American Sign Language, or even simple gestures are processed by deaf people in the part of the brain that is used for spoken language, according to a recent international research study headed up by a neuroscientist from Dalhousie University in Halifax, Nova Scotia, Canada. Using functional magnetic resonance imaging (fMRI), Aaron Newman, Associate Professor with the university’s Department of Psychology and Neuroscience, and collaborators Ted Supalla and Elissa Newport from Georgetown University, student Nina Fernandez, and Daphne Bavelier from the Universities of Geneva and Rochester, were able to show those who are congenitally deaf process signs and gestures in the left hemisphere of the brain. Those test subjects who were not deaf and not users of sign language processed the information in the portion of the brain used to process human movement. “It is a basic science study, with no immediate implications for people in the area of health,” Newman said in an interview.
However, it does give credence and stature to the importance of American Sign Language and supports the idea that it is a language. “There is research going back to the ’60s showing that ASL is not universally appreciated, and it touches on issues concerning the idea it is not a language,” Newman said. Since most people typically think of sound when language is employed or view language as something that can be written down, there has been some argument from some individuals suggesting sign language is not an actual language.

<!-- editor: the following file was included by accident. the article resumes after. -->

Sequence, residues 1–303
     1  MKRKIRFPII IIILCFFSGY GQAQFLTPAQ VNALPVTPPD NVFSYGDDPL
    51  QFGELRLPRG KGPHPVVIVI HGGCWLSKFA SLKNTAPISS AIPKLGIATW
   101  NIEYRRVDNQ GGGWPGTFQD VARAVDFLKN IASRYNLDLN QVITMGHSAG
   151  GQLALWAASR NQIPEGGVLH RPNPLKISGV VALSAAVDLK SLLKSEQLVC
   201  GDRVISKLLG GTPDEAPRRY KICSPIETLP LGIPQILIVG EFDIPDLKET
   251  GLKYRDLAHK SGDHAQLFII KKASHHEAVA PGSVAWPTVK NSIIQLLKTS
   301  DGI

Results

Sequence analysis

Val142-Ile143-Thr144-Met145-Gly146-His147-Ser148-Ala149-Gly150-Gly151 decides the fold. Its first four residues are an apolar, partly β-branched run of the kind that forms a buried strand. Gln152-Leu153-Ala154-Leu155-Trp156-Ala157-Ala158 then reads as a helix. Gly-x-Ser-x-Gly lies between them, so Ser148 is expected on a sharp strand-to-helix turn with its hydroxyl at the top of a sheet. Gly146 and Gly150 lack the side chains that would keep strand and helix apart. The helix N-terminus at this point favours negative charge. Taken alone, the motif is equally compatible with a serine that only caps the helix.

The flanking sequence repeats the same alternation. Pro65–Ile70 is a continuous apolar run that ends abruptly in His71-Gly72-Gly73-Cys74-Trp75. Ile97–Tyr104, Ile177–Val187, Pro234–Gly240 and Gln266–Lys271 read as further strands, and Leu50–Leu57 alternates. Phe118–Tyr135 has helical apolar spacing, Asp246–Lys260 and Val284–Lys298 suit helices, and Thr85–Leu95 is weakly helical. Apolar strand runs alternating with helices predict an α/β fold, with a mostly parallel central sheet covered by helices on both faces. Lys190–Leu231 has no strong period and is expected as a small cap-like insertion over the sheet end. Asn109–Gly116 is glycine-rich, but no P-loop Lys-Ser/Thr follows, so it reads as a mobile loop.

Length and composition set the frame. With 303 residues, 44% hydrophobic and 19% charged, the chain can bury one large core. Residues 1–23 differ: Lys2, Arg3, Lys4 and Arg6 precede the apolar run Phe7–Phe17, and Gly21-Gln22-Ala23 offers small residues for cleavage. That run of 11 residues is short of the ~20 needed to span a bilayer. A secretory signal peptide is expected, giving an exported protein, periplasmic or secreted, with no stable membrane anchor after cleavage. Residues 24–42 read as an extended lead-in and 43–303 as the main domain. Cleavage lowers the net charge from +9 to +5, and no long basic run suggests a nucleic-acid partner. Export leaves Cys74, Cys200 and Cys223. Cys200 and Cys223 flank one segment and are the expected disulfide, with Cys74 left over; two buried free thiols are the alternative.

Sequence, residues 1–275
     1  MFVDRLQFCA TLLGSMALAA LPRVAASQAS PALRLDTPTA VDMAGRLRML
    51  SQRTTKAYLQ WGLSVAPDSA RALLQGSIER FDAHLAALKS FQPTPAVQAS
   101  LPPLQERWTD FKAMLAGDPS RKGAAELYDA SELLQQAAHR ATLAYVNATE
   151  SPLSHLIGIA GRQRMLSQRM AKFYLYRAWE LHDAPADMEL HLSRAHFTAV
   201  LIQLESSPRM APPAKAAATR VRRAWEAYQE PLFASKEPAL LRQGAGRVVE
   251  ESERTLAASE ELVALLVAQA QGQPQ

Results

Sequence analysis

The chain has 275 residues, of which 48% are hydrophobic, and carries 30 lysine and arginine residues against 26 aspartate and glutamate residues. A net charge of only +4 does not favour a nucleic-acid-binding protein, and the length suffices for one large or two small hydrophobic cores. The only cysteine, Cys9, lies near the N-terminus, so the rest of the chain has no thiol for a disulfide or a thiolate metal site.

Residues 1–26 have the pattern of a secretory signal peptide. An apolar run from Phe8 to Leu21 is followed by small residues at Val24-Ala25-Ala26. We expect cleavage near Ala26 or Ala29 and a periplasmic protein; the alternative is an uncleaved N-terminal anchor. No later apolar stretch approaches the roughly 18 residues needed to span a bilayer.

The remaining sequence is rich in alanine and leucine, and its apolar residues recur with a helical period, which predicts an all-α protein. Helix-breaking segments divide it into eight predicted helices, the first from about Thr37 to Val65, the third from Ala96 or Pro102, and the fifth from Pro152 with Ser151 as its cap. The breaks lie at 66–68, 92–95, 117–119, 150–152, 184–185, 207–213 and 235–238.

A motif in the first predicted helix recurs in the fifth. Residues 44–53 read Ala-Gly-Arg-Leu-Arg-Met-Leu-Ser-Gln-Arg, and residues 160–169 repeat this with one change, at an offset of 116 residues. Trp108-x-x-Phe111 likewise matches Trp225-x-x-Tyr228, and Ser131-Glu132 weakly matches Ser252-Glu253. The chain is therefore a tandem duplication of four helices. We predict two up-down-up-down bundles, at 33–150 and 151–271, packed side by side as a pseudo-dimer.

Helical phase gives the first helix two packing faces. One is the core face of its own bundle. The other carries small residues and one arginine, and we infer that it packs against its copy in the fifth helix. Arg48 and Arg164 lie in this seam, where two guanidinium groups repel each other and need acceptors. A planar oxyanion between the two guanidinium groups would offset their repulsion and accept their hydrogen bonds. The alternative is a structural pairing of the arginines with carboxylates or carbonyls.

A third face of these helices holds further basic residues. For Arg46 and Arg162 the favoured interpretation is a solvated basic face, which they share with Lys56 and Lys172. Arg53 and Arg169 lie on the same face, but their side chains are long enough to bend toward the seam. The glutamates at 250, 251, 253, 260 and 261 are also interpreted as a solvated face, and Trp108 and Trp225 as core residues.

“Sign language uses space (as opposed to sound or writing), and it looks like a gesture but behaves like a language. Brains really can adapt to different forms of expression and still impose rules,” Newman said. “This research confirms sign language is treated by the brain as a language.” The study, which employed 19 deaf and 19 hearing subjects, is further proof of the adaptability of the brain. “Brains are so adaptable, as soon as something looks like a language, the brain uses it that way,” Newman said.
The research results have been published in the Proceedings of the National Academy of Sciences.